Aridland spring response to mesoscale precipitation: Implications for groundwater-dependent ecosystem sustainability

W. M. Robertson, J. T. Allen, B. D. Wolaver, J. M. Sharp

Research output: Contribution to journalArticlepeer-review

5 Scopus citations

Abstract

Aridland springs maintain groundwater-dependent habitats for aquatic and terrestrial species. San Solomon Spring (Texas, USA) is part of a regional karst spring complex in the Chihuahuan Desert that supports several species of federal and state conservation interest. However, drought, climatic variability, and groundwater abstraction threaten discharge and water quality. In the surrounding Delaware Basin, expansion in unconventional oil and gas development using hydraulic fracturing may increase demands on aquifers that also provide flows to the springs. A critical knowledge gap limiting habitat conservation and sustainable groundwater abstraction is that the flow system is not well understood. While the source of most spring discharge is from a Pleistocene-recharged regional flow system, evidence suggests that a modern local flow component provides fresh water influx. However, the exact sources, mechanisms, and timing of localized recharge are unknown. To address these questions, this study combined long-term in-situ spring water quality monitoring (specific conductance, turbidity, and temperature) data with weather station-corrected 4 km gridded precipitation data to quantify the lag response at San Solomon Springs to mesoscale storm events and to delineate potential local recharge zones. Between April 2011 and March 2012, 26 event-flow responses were documented, with an average lag of 43 days between storm event and spring response. Response time varied depending on storm magnitude, spatial extent, and antecedent soil moisture conditions. Cross-correlation analysis of spatially distributed precipitation indicated zones of potential local recharge in the mountain block/mountain front zones and alluvial channels issuing from the Davis Mountains. Some local flow paths appear to cross known watershed boundaries, suggesting that groundwater abstraction in sensitive capture zones should be managed carefully to maintain spring flows and conserve habitats.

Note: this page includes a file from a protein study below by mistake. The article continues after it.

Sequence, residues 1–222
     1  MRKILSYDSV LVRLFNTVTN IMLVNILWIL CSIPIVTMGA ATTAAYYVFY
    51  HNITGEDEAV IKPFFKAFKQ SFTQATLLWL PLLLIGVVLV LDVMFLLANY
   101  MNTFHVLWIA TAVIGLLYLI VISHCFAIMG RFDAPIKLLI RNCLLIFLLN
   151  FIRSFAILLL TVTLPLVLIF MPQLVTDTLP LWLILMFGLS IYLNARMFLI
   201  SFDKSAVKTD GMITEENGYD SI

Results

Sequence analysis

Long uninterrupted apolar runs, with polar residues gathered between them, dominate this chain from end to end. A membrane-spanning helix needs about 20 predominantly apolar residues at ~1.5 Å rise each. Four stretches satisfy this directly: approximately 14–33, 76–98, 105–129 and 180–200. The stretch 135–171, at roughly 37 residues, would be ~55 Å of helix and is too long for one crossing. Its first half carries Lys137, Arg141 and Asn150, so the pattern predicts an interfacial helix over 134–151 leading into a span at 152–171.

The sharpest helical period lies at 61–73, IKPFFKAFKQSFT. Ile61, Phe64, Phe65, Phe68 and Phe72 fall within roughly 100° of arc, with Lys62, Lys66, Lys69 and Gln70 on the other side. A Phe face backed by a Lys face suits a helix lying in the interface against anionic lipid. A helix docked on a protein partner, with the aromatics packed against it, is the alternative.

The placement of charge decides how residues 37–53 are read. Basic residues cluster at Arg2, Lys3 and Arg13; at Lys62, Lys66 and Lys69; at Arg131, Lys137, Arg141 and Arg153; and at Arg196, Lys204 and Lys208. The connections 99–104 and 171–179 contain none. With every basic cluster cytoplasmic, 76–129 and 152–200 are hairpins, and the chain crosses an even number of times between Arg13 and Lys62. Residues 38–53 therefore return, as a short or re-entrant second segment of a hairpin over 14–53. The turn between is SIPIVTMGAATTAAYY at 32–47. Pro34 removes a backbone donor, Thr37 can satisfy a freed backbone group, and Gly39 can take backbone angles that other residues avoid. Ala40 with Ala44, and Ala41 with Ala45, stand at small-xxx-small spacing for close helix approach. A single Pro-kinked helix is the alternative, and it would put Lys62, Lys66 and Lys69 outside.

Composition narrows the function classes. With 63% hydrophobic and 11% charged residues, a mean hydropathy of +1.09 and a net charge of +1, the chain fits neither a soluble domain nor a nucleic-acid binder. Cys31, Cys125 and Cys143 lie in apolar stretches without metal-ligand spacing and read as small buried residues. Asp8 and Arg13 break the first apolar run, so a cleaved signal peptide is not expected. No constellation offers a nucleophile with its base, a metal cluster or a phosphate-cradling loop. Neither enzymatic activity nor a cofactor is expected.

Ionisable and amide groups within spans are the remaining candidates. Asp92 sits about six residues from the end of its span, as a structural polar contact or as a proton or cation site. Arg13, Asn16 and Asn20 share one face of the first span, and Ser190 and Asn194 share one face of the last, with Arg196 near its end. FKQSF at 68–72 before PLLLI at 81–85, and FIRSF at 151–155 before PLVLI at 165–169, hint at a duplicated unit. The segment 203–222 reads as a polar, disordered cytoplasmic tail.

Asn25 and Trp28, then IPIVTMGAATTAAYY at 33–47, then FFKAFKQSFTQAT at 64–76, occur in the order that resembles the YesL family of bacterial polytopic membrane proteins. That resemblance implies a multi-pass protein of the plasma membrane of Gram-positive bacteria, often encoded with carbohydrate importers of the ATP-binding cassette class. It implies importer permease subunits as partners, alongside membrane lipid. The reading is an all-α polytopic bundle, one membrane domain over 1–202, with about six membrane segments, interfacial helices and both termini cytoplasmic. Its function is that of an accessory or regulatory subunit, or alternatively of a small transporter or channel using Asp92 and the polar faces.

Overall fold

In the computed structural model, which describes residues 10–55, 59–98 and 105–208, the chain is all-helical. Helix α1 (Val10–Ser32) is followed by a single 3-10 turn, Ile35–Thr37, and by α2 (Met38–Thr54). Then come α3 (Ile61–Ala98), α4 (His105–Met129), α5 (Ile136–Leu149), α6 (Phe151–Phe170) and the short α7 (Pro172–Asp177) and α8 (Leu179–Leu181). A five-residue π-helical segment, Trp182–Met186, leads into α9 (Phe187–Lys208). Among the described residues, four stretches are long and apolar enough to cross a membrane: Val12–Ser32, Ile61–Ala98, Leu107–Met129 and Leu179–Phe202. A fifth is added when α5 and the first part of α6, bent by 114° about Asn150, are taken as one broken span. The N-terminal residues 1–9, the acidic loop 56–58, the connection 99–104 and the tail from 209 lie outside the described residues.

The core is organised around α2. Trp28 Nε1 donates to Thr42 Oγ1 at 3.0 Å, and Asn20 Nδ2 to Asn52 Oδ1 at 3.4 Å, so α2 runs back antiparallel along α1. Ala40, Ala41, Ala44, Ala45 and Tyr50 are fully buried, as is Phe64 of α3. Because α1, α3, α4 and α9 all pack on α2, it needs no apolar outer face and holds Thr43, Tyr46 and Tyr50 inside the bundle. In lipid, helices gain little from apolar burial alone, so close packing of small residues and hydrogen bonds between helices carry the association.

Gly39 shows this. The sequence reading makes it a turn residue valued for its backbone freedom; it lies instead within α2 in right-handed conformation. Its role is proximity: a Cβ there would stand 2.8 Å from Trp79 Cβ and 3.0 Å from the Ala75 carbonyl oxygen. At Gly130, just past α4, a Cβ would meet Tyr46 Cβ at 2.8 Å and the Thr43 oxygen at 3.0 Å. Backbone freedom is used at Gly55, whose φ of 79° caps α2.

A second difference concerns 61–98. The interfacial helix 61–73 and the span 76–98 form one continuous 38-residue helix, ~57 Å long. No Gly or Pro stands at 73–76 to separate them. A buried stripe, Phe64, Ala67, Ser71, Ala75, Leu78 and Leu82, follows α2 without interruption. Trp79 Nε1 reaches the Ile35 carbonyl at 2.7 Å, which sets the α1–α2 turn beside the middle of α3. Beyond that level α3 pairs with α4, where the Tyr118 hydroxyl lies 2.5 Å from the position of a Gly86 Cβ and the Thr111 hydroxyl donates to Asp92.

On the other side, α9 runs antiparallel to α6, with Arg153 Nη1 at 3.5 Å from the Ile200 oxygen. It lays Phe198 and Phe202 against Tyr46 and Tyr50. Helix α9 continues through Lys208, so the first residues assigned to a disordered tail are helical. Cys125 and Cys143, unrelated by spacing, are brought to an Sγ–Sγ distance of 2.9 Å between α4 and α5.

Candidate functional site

Original languageEnglish
Pages (from-to)850-862
Number of pages13
JournalJournal of Hydrology
Volume570
DOIs
StatePublished - Mar 2019

Keywords

  • Delaware Basin
  • Hydraulic fracturing
  • Permian Basin
  • Regional flow systems
  • Springs
  • Unconventional oil and gas

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